Will I need Chemotherapy for My Breast Cancer?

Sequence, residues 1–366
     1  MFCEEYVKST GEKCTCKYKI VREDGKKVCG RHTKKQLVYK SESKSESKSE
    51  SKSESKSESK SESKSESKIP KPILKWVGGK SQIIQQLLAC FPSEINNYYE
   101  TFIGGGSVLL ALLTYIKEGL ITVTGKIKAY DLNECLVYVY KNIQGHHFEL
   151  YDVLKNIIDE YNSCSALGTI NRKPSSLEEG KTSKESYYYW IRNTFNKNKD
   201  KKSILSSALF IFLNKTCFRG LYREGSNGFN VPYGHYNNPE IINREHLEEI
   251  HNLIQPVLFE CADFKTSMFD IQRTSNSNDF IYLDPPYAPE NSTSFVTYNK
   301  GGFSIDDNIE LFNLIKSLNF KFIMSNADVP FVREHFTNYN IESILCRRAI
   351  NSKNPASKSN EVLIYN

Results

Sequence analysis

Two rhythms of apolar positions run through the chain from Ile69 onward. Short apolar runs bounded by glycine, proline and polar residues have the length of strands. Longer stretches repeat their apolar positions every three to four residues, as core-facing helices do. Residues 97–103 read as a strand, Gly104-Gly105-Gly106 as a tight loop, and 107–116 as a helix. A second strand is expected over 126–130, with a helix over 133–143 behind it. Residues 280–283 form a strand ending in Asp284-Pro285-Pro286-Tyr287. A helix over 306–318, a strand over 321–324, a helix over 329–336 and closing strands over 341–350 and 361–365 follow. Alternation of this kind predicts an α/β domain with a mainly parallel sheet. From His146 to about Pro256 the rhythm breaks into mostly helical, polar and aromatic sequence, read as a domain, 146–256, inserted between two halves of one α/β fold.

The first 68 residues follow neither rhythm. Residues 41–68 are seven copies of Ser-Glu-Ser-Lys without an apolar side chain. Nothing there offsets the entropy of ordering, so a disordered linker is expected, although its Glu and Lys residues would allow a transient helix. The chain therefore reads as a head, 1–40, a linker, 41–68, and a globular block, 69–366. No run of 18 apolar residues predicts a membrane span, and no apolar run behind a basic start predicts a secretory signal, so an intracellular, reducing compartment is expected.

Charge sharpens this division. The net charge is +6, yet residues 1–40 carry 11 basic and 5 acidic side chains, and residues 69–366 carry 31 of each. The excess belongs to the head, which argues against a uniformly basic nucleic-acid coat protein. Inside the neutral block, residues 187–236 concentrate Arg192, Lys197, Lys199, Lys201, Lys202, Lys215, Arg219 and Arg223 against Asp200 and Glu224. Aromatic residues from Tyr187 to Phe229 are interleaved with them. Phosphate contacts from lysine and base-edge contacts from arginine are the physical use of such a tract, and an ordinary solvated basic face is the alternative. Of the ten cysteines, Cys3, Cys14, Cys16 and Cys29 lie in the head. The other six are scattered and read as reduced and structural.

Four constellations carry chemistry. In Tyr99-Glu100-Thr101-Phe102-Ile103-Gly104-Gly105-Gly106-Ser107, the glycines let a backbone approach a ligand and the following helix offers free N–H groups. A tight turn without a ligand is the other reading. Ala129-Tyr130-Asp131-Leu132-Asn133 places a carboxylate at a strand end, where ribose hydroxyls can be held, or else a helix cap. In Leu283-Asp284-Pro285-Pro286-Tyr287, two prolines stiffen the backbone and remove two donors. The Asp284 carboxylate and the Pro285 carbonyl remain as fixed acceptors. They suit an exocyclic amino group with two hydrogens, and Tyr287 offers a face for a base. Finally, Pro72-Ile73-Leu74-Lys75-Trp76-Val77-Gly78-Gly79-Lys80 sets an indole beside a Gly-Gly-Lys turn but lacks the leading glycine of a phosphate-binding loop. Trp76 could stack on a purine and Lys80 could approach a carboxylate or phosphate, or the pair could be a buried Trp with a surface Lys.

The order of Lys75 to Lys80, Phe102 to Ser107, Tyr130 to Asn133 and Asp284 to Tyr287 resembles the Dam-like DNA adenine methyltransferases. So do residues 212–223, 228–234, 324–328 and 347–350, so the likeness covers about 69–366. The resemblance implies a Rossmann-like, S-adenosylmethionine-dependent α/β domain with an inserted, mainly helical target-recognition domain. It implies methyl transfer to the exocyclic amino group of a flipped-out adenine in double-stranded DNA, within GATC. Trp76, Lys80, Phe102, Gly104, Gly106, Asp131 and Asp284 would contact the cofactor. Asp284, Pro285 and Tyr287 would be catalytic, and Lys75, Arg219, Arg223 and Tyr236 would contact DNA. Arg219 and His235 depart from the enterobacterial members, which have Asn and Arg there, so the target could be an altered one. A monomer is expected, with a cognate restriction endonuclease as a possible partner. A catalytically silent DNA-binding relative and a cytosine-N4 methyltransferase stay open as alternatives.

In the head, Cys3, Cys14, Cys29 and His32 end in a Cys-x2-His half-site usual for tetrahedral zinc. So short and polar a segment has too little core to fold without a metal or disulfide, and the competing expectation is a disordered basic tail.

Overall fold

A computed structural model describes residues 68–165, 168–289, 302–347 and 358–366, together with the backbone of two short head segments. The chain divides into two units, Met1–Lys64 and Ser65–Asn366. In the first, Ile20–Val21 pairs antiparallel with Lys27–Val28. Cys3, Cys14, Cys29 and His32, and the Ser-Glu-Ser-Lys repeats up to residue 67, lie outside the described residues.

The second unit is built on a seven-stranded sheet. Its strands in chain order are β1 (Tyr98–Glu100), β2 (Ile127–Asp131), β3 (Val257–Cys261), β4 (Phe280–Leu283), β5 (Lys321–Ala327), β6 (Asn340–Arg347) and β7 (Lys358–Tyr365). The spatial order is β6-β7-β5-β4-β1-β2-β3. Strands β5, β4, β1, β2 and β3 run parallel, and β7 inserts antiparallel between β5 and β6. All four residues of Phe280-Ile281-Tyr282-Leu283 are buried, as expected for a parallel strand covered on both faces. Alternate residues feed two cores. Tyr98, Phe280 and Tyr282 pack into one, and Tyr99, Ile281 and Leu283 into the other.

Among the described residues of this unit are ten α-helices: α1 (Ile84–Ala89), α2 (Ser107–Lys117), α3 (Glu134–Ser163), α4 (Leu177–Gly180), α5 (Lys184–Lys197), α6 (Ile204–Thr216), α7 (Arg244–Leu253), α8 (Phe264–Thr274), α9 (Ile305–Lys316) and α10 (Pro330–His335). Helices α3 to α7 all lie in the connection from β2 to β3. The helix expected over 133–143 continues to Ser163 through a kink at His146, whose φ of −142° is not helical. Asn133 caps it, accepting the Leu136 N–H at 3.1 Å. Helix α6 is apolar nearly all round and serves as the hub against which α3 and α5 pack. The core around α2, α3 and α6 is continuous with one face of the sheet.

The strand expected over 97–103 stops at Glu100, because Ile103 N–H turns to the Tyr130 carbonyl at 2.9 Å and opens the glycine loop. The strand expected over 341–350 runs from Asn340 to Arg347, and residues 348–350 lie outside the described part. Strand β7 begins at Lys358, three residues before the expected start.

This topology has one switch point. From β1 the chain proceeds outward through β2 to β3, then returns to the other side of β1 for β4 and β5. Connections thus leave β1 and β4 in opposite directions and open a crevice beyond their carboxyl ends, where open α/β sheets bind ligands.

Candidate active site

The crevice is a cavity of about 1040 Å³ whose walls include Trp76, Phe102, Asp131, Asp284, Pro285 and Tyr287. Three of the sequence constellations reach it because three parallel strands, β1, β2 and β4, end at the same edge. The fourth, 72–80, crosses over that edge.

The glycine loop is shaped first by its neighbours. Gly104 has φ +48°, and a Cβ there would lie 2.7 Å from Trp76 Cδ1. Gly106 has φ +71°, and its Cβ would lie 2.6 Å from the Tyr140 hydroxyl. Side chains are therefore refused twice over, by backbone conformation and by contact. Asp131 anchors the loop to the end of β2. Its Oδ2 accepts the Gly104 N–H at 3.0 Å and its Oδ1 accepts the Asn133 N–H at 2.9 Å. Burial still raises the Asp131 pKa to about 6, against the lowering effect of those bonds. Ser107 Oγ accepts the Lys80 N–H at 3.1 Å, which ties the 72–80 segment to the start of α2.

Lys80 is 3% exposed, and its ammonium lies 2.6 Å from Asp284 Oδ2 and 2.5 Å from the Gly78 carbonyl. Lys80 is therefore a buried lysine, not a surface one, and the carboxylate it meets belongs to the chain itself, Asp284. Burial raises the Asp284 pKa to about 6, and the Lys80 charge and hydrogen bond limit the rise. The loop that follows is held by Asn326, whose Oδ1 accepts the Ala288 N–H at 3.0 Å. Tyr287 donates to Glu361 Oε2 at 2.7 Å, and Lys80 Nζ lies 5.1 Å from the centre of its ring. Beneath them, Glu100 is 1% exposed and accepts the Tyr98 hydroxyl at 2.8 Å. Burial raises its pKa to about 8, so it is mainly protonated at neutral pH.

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We teach you how your tumor receptors, lymph nodes, genomic assays, and breast cancer stage indicates if you would benefit from chemotherapy. VISIT THE BREAST CANCER SCHOOL FOR PATIENTS: http://www.breastcancercourse.org LIST OF QUESTIONS FOR YOUR DOCTORS: http://www.breastcancercourse.org/breast-health-updates-latest-videos/ FOLLOW US: Facebook: https://www.facebook.com/Breast-Cancer-School-for-Patients-958519147618444/ ____________________________________ Questions for your Medical Oncologist and Breast Surgeon: 1. Would I benefit from chemotherapy? 2. What factors suggest I will benefit from chemotherapy? 3. What is the risk to my life if I do not undergo chemotherapy? 4. What are the advantages of “Neoadjuvant Chemo” before surgery? 5. Would a “Genomic Assay” help determine if I need chemotherapy? 6. What is chemotherapy? Chemotherapy is the use of certain medications to treat cancer systemically, meaning throughout the whole body. If needed, chemotherapy is usually given after surgery for invasive breast cancer. It is a more intense cancer treatment than hormonal therapy (usually pills). Only a minority of breast cancer patients will ever need it. These complex decisions are ones you will make with your medical oncologist. You will make better treatment choices when you are informed about chemotherapy and hormonal therapy before meeting with your medical oncologist. General indications for chemotherapy We outline below some of the more common indications for needing chemotherapy. The decision to undergo chemotherapy also involves being healthy enough to tolerate the treatment. Deciding who needs chemotherapy and what type of chemotherapy to administer is one of the most difficult decisions made in medicine. Your medical oncologist will guide you. Do my “receptors” suggest I need chemotherapy? Once a breast biopsy is found to be cancerous, the pathologists will automatically run more tests on the same tissue to determine what “receptors” are expressed. Your receptor pattern is a key piece of information that comes early in your breast cancer journey. In about 30% of patients with an invasive breast cancer, the receptor pattern alone can strongly suggest that chemotherapy will be needed regardless of what is found at surgery. The key points regarding receptors are outlined below. Estrogen Receptor Negative (ER -) tumors (20%) do not respond to anti-estrogen oral medications that are essential in treating estrogen receptor positive (ER +) tumors. Quite simply, patients with ER negative tumors will benefit from chemotherapy if they are healthy enough to tolerate it. ER negative tumors are more aggressive cancers, but respond more favorably to chemotherapy than ER positive breast cancers. HER2 Receptor Positive (HER2+) tumors (20%) are very responsive to chemotherapy when paired with new breakthrough drugs that target these tumors, such as Herceptin and Perjeta. The same holds true even if a HER2-positive tumor is also Estrogen Receptor positive (ER+). HER2+ tumors are more aggressive cancers, but we now can treat them more effectively with chemotherapy and new drugs that are “targeted” to destroy HER2-positive cancers. “Triple Negative” (ER-)(PR-)(HER2-) tumors are fast growing tumors that are usually treated with a specific chemotherapy regimen. These tumors are not responsive to hormonal therapy at all, but may be sensitive to chemotherapy. What if cancer is detected in the lymph nodes? If you have “lymph node positive” breast cancer, it is likely you will be offered chemotherapy. Premenopausal women and those with multiple “positive” lymph nodes generally benefit from chemotherapy. If your breast surgeon detects cancer in your lymph nodes before surgery, there may be specific advantages to undergoing “neoadjuvant chemotherapy.” “Inflammatory Breast Cancer” requires chemotherapy If you have been diagnosed with inflammatory breast cancer, the first step is neoadjuvant chemotherapy before surgery. This type of cancer has a high likelihood of spreading to the lymph nodes and other parts of the body. Starting chemotherapy as soon as possible is essential to treating this aggressive breast cancer. A mastectomy is performed after chemotherapy, followed by radiation to the area of the mastectomy to lessen the chance of cancer growing back in that area. What are the advantages of “neoadjuvant chemotherapy”? Neoadjuvant chemotherapy is when chemotherapy is given before surgery, not afterwards. There are specific advantages to neoadjuvant chemotherapy in appropriately selected patients. How can a genomic “Oncotype DX” test be helpful? Patients who have a small, estrogen receptor positive, HER2 receptor negative tumor and no evidence of cancer in their lymph nodes may benefit from an Oncotype DX genomic assay. This cutting-edge test looks deeper into breast cancer cells to better identify people who may benefit from chemotherapy with ER+, HER2 – breast cancers.